You have to be mature enough to be okay with not being right all the time. In fact, if I’m right all the time then I’m a little bit worried, because (smiles) I don’t feel like I can build Miovision on my own.

Corey:  When you put a lot of leaders together, you generate a lot of opinions. Curt and I are a classic example of that; we don’t agree on everything, but we wholeheartedly agree that Miovision is an awesome thing to be a part of. When you have a lot of leaders in a room, it can be hard to come to a consensus as to what the right approach is.

You have to be willing to accept that you’re not always going to get things your way. You’re going to have to say “You know what? He believes in the thing. I’ve raised my concerns, but I believe in Curt. Curt’s going to do this thing.”

Curt: I think Corey and I are an interesting case. I love working with Corey, but I bump heads with him on a fairly regular basis. We’ve bumped heads a lot, but I’m amazingly impressed at our ability to find common ground and work together.

He sharpens me. I feel like I kind of sharpen him. We’ve figured out how to move forward without those differences slowing us down. Sometimes I think that just has to do with compartmentalizing. In some ways, I think that makes us more efficient.

If there is too much overlap, it kind of gets messy. I’m stepping on his toes. He’s stepping on mine. We sit down and talk. We’re like, “Okay, well if you do this part and I do this part, we’ll work together. You can kind of do your thing. I can do my thing.”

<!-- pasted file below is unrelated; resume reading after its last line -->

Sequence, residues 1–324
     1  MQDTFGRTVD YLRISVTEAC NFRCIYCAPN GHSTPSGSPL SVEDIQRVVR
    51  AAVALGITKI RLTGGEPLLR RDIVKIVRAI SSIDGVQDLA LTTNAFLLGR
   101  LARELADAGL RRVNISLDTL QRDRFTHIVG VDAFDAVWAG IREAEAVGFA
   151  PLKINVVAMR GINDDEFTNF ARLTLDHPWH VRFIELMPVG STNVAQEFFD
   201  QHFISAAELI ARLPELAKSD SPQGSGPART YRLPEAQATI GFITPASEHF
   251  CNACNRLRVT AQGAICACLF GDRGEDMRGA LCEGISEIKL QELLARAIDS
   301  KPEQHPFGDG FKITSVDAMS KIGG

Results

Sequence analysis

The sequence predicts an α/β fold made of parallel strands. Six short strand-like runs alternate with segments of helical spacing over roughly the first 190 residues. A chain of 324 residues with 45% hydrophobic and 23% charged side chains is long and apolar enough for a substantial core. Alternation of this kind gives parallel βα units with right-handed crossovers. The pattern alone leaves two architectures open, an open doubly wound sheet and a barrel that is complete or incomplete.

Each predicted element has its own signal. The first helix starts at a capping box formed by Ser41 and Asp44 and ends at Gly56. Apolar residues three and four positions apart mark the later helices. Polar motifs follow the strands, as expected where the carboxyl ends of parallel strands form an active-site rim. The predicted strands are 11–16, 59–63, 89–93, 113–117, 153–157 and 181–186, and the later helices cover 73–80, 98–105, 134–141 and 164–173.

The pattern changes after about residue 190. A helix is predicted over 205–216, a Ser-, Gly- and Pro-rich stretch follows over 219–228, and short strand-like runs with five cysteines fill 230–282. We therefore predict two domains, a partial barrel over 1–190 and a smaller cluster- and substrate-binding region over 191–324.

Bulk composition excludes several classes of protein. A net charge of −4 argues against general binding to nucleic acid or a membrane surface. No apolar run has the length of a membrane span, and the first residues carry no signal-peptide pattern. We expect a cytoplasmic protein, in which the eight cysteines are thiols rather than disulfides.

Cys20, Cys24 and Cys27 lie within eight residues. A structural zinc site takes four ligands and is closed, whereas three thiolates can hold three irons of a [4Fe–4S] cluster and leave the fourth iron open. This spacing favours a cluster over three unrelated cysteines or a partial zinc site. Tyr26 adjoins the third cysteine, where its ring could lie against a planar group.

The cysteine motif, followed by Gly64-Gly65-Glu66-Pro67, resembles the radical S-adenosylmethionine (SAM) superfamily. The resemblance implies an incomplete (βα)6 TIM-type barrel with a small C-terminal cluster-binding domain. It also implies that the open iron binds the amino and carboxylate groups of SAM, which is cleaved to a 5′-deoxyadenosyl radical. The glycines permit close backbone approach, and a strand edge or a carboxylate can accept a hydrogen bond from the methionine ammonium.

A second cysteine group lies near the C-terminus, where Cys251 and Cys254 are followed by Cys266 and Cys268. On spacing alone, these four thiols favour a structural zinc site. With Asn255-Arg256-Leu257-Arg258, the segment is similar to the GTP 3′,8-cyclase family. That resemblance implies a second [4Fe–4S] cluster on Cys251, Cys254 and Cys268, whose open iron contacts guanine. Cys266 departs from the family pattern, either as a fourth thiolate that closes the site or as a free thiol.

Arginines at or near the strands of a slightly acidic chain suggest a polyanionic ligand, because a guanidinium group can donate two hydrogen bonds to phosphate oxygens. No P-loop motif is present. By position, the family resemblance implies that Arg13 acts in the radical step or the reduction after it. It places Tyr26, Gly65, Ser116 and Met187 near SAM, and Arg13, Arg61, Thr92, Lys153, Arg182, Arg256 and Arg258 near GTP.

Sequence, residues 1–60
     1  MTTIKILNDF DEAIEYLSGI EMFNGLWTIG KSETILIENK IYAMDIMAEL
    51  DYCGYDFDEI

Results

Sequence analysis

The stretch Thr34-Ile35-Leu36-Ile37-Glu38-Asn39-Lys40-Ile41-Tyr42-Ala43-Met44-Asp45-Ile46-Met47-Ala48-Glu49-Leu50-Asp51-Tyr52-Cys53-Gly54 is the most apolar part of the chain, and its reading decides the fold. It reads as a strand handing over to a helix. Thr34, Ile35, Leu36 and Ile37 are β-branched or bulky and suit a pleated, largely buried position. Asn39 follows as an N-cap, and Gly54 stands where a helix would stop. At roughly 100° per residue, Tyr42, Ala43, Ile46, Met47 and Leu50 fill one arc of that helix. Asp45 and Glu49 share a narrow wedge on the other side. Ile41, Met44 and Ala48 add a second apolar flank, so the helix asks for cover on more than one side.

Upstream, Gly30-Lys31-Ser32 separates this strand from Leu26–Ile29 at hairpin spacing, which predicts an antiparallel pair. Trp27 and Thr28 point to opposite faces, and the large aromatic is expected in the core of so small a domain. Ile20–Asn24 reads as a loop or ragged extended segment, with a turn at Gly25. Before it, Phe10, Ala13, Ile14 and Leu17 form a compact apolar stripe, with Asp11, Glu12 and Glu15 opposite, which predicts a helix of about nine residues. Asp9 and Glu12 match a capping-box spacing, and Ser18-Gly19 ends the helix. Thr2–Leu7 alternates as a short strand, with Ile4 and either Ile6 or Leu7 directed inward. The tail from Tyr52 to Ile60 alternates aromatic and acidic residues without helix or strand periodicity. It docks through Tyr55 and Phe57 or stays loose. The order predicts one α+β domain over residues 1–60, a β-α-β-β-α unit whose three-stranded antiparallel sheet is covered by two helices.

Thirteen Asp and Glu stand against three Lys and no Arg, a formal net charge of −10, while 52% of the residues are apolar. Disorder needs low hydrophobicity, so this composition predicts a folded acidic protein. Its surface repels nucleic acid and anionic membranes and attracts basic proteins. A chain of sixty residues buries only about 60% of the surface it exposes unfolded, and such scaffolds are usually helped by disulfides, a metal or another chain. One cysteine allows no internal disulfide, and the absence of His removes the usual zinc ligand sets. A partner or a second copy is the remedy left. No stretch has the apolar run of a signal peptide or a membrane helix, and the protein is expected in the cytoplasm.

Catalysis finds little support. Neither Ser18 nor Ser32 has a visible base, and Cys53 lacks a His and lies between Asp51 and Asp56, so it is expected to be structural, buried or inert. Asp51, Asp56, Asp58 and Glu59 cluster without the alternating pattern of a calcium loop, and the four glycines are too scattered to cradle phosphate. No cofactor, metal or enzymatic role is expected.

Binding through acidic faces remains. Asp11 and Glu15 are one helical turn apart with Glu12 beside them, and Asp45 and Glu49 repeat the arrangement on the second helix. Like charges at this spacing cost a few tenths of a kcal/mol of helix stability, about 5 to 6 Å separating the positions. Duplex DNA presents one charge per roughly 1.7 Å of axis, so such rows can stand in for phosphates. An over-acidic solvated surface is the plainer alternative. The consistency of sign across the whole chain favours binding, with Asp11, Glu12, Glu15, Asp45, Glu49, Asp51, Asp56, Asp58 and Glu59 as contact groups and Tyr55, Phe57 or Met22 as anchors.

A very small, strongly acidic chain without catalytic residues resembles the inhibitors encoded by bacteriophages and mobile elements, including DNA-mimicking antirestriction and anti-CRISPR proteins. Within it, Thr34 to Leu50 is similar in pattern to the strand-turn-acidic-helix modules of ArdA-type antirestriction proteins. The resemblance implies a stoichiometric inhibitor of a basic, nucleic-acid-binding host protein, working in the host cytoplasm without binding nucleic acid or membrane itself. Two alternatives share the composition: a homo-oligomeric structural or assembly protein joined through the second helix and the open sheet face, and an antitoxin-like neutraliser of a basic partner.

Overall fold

Corey:  (Nods) We’ll meet at the end. I think the big sort of thing is that level of trust you have to instil. Engineers are classically sort of cautious and conservative in terms of, “I don’t trust everyone. I’m going to do as much as I can on my own.” You have to be willing to say, “If these people are as good as I think they are, I have to let go of some of things. I have to just accept that good things will happen if I sort of step back.”

Dale:  To Corey’s point, we do have to be responsible about it. We can’t all decide that none of us like to do front-end work, so we’re all just going to do back-end work. At some point, we haven’t built anything.

There is some responsible or intelligent planning about how we go about things. Some people are going to step out of their comfort zone for a short period of time in order to make that happen. That’s life. That’s working in a team.

To add to what Curt was saying, I think you can’t have a team working at a high level and not have conflict. If you don’t have conflict, then you’re almost certainly moving in the wrong direction.

You have to be mature enough to be okay with not being right all the time. In fact, if I’m right all the time then I’m a little bit worried, because (smiles) I don’t feel like I can build Miovision on my own.

Curt: I think Dale hit the nail on the head. I think one prerequisite for working in our engineering department is emotional maturity. As much as we love having senior developers, it’s okay to have slightly less senior people. You need to get a mix. At the end of the day, when you have a model like ours, we’re going to have some conflict. You have to have the emotional maturity to say, “Oh, okay, I get that,” and not bang your fist and yell at people. You have to be able to deal with that.

Q: From a technological perspective, what’s the cool factor to the things that you get to work on here?